2. Matters needing attention when using a telephoto lens
When using telephoto lenses, we can consider the following features and considerations:
(1) Pull the distant scene closer
The easiest thing to understand about telephoto lenses is that they allow you to shoot farther, but is longer telephoto better? In fact, there is one factor to consider when choosing a telephoto lens: the distance of the subject. If the camera is not too far away, and some telephoto lenses only have a wide-angle of 70mm, then we need to change lenses frequently, which is very inconvenient. While shooting the action, the subject may be moving around, and some shots that are too long may deprive you of a good picture.
(2) Enlarge the effect of landscape
Telephoto lenses can make objects appear larger in the background than wide-angle ones.
(3) The “compression” nature of the scene
Telephoto lenses can make the distance between the subject and the background look smaller, even if the background is far away from the subject, using telephoto lenses can still make the background and the subject look close together.
(4) Higher safety shutter requirements
The safe shutter speed is defined as the shutter speed required to keep the image sharp when taking a hand-held photo. The calculation is simple: the safe shutter speed = (1/focal length) seconds
Therefore, the longer the focal length, the higher the safety shutter requirements, such as using 200mm focal length, the safety shutter is 1/200 seconds!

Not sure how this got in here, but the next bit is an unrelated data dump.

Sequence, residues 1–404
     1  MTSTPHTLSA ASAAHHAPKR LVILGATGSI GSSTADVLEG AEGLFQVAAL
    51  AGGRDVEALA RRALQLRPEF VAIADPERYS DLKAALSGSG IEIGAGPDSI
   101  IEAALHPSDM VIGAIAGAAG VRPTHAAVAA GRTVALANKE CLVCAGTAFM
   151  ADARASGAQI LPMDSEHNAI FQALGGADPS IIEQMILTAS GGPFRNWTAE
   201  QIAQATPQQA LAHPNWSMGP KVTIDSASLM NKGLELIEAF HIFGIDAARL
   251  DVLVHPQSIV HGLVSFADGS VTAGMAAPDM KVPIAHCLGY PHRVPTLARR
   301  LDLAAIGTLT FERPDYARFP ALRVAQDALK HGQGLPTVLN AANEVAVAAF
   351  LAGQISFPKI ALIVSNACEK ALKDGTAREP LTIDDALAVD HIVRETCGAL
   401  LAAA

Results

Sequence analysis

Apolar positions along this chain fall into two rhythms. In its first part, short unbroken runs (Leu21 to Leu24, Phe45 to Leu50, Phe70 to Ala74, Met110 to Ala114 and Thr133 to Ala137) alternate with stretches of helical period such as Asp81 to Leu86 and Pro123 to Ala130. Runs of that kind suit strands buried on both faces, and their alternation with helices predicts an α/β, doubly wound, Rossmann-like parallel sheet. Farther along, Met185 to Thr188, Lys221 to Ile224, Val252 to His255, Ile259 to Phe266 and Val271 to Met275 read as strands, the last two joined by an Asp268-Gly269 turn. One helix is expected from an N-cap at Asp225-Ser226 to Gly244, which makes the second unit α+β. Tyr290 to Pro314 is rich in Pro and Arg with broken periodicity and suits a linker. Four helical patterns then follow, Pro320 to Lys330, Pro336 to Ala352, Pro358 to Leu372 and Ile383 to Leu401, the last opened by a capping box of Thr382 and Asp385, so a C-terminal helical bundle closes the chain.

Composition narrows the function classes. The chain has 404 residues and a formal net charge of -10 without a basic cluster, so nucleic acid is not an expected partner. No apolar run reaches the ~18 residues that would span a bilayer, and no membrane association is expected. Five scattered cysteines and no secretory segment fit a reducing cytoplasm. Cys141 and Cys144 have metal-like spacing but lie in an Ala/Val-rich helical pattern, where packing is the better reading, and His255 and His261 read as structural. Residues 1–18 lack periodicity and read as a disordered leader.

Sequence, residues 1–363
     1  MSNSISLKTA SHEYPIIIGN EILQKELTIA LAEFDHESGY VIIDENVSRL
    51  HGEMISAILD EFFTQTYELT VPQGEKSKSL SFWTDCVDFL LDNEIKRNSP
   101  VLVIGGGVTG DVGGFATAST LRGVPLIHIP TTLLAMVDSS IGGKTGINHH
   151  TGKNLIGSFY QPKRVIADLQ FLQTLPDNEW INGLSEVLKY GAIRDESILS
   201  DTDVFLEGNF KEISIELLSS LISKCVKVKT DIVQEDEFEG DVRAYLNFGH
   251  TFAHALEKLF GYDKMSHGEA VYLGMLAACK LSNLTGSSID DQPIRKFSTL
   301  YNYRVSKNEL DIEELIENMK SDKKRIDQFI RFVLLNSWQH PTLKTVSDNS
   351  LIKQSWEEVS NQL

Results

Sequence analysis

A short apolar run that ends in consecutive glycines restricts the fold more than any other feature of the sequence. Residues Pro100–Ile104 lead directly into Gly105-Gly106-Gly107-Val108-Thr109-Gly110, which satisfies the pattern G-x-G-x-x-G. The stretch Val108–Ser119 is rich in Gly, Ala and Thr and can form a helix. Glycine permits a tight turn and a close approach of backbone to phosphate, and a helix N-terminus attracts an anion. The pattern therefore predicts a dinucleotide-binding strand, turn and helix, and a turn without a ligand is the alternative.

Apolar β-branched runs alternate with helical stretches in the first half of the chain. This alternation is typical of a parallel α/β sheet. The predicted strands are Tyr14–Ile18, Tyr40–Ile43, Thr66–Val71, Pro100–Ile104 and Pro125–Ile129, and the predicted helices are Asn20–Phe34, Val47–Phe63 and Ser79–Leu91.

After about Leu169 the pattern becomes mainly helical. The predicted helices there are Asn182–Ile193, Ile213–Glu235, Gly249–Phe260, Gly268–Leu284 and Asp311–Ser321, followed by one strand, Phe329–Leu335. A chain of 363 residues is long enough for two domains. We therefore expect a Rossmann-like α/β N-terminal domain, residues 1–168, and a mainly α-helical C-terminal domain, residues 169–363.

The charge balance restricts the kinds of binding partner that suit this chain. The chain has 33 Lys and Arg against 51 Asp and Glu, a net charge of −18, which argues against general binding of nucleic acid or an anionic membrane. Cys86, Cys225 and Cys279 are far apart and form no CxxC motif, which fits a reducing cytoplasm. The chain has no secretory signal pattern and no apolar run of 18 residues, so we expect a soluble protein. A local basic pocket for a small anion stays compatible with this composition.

(5) Shallower depth of field
Focal length is an important factor when shooting a shallow depth of field. The longer the focal length, the stronger the shallow depth of field effect. If you are using a telephoto lens and want the whole picture to be within the depth of the field, you will need to use a very small aperture, which may cause underexposure.
(6) The main body movement has greater influence.
When using telephotos, the slight movement of the subject is easy to see in photographs. The downside of this effect is that the shutter speed is faster to get a sharper picture. The upside is that when shooting a car or star orbits we can get along the track in less time, so be careful.
A wide-aperture telephoto lens may be expensive for beginners, but I think it’s worth it. The color and quality of the wide-aperture telephoto lens are very high, and the range of applications is very wide. A good wide-aperture lens will hold its value and last 10 years, so if your budget allows it, get a wide-aperture telephoto lens. Apexel’s telephoto lens is quite good, you can consider buying it.
Can you handhold a telephoto lens?
While you can hold a telephoto lens, if your camera produces noisy images at high ISO settings, a tripod will be essential if you want the best image quality.
How do you shoot with a zoom lens?
Set your camera aperture on f/8 or lower, zoom the lens out to its longest focal length, and get as close to the subject as possible while still being able to focus. You also need to ensure as much distance as possible between the subject and any background elements.
What is one disadvantage of shooting with a telephoto lens?
Because telephoto lenses have such long focal lengths, often 200 mm or longer, the depth of field you can achieve with them is drastically lower than with a standard or wide-angle lens. This means that only the subject will appear in focus, while most of the foreground and background will be blurry.